It all starts with the idea, a hypothesis really, that we are interested to know about the system of our investigation. The subjects of our investigation are pelagic calcifiers called pteropods (also sometimes called “sea butterflies”), that are put in an experimental setup in which we control a variety of different physical and chemical conditions.
Given that ocean conditions are becoming warmer and will have increased acidity in the future, we are exposing pteropods to acidified water, as well as ‘making them sweat’ under increased temperatures. My hypothesis is that pteropods will be significantly affected by the combined effects of ocean acidification and warming. We are studying whether these conditions dissolve their shells or decrease their survival rates, and how water masses impact gene distribution.
Setting up an experiment can be complicated anywhere. But making a successful experiment work on board a ship is, however, significantly different from laboratory work onshore where all pieces are at hand or a short drive away to a store. An at-sea experimentalist has to have it nailed down up to the last piece of tubing, hose clamp and connector; have all the chemical solutions prepared in advance and have all supplies ordered in a timely manner so they are ready before departure. If all the preparations on land run smoothly (which they almost never do) it can still take months to complete, with some serious multitasking in between and most of the time spent on the phone chasing down different companies to send the desired equipment as soon as possible.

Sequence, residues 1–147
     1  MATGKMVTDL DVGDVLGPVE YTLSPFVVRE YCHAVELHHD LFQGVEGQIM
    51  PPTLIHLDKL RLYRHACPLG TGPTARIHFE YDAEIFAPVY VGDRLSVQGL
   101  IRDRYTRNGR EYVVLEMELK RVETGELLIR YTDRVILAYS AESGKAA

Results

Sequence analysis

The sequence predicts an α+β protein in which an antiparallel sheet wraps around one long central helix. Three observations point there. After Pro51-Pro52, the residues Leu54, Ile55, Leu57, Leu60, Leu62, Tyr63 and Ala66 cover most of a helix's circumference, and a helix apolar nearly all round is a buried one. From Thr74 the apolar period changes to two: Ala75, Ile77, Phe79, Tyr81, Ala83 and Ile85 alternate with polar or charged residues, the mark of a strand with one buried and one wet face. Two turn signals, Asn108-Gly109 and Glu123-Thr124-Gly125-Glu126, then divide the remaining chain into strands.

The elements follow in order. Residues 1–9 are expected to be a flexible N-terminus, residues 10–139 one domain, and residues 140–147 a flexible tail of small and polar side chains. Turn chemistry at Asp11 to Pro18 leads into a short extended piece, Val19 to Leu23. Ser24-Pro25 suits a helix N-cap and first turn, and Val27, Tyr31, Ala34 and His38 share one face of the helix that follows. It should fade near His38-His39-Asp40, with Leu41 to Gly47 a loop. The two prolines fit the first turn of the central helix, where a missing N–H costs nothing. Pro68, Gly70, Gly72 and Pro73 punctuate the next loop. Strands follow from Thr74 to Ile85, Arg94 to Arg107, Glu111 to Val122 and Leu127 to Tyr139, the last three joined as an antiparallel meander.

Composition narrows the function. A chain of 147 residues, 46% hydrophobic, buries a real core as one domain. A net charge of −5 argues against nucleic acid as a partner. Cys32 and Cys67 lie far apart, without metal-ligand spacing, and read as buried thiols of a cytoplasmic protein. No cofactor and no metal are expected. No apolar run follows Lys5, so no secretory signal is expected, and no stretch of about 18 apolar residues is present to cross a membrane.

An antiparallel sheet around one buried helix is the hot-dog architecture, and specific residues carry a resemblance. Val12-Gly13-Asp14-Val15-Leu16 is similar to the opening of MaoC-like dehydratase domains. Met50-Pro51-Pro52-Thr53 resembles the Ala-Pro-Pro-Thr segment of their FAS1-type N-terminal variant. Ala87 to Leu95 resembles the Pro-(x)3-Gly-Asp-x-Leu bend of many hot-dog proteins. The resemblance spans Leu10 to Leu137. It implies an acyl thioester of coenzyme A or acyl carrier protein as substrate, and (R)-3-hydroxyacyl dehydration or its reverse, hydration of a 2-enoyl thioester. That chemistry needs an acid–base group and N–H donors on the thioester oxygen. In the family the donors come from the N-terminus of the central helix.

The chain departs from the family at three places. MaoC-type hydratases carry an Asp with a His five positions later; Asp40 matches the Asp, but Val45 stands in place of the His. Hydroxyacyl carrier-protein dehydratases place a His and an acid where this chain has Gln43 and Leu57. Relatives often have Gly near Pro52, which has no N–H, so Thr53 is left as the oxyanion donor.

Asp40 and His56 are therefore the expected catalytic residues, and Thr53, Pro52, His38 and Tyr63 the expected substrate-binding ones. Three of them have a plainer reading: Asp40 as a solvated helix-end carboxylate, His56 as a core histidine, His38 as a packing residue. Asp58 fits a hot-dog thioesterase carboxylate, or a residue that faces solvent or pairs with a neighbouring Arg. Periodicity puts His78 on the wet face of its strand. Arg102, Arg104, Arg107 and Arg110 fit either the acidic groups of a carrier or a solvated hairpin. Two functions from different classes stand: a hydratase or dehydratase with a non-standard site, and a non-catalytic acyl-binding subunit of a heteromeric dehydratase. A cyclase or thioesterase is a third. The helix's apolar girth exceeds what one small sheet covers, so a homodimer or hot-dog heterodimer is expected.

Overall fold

The experimental set-up for pteropods also requires careful design as these beautiful creatures are extremely sensitive and difficult to maintain under laboratory conditions. Thus, we built flow-through systems in which seawater is brought onboard, the acidity increased by bubbling in CO2, and the water warmed to the desired temperature in large tanks. This water constantly flows through the smaller experimental chambers that the pteropods are temporarily living in. These chambers are huge for such small organisms, with a maximum expected size no larger than the head of a pin.
Our pteropod team consists of two members, Nina Bednarsek (UW), who is running the investigation, and Lisette Mekkes, a masters student from the University of Amsterdam who is assisting. But we have a lot of other helpers – seriously creative colleagues – who are all contributing to troubleshooting the system when needed.
Tomorrow is another net tow to catch these beautiful critters. And hopefully the system will be ready and waiting for the next batch of pteropods…
Author: Dr. Nina Bednarsek